DEFRA is to consult broiler producers in early 2009 on new rules which for the first time enshrines in law welfare standards for broilers. It will also be the first to focus on welfare outputs with flocks routinely monitored at abattoirs for signs of poor welfare and acted upon.

Due to come into force by 30 June 2010, the EU directive will see a maximum stocking density of 33kg/sq m, with the possibility of increasing the figure to 39kg/sq m providing producers meet prescribed standards.

The most interesting aspect was that for the first time in EU welfare legislation, welfare outputs would be monitored and acted upon, said the British Poultry Council chief executive Peter Bradnock.

He said producers who complied with the Assured British Chicken Production scheme were already meeting almost all the standards set for the 33kg/sq m maximum. These included twice-daily flock inspection, appropriate staff training, the provision of dry and friable litter and keeping records of numbers, mortality rates, and usable area per bird.

The directive would allow member states to derogate for producers who wished to stock birds at up to 39kg/sq m, said Mr Bradnock. But they must notify the authorities of their intention, and provide a full description of management systems, including feeding and watering arrangements, lighting, and floor and litter type.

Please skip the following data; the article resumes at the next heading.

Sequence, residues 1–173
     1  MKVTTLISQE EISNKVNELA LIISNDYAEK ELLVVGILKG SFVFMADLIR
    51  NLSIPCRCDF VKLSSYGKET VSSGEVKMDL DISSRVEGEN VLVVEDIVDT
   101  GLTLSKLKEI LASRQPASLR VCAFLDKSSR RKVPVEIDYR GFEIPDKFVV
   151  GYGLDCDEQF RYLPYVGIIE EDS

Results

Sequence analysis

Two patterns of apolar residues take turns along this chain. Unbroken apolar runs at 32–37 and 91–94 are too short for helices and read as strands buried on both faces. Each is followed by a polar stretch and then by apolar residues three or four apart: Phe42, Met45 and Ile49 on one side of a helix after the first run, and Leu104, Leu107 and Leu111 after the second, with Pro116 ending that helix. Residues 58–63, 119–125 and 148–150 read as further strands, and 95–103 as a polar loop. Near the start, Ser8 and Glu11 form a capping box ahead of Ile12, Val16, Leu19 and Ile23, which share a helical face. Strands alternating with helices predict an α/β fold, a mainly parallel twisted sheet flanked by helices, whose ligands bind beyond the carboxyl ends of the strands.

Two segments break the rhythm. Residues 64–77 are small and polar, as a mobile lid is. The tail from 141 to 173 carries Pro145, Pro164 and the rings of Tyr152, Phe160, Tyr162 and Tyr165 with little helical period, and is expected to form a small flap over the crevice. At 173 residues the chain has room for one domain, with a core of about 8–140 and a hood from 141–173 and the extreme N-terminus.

In addition, there would be strict limits on levels of ammonia and carbon dioxide, and standards for temperature and humidity. Flock keepers at the higher stocking rate would also need to maintain detailed records for three years, outlining bird numbers and movements, as well as mortality rates and their causes.

A further derogation would permit producers to operate a maximum stocking density of 42kg/sq m. But the extra restrictions that would apply were so onerous that he believed few producers – if any – were expected to take up the option.

While the BPC is largely supportive of the new directive, in its aim of improving bird welfare throughout the EU, some council members feel that the lighting intensity level stipulated could prove to be a problem for the birds.

This requires a minimum intensity of 20 lux in 80% of the usable area of the housing, unless a vet gives contrary advice. However, new research had shown that birds actually preferred more variation in lighting patterns and this had been reaffirmed by members’ own experiences, said Mr Bradnock.

The directive also outlines new requirements to monitor welfare outcomes at the slaughterhouse. Official vets will check birds for any signs that indicate a welfare problem on the farm. If it is suspected that welfare is being compromised, the producer will be asked to take remedial action and set improvement targets, which will be followed up by the local animal health officer.

“The fine detail has not yet been decided and we are keen to avoid overburdening producers with too much pointless red tape, that will have no real impact on improving welfare,” said Mr Bradnock.

“But talks with all parties involved in the UK interpretation and implementation of the directive have been harmonious. We believe DEFRA officials, when they assure us that they have no intention of ‘gold-plating’ the directive in the UK regulations,” he said.

The broiler welfare directive will not apply to parent flocks, chick brooding and hatching, flocks with fewer than 500 birds, and free-range and organic units.

Broiler welfare

  • Derogation for stocking level
  • Concern over lighting levels
  • Welfare monitoring in abattoir
  • Fine detail to be decided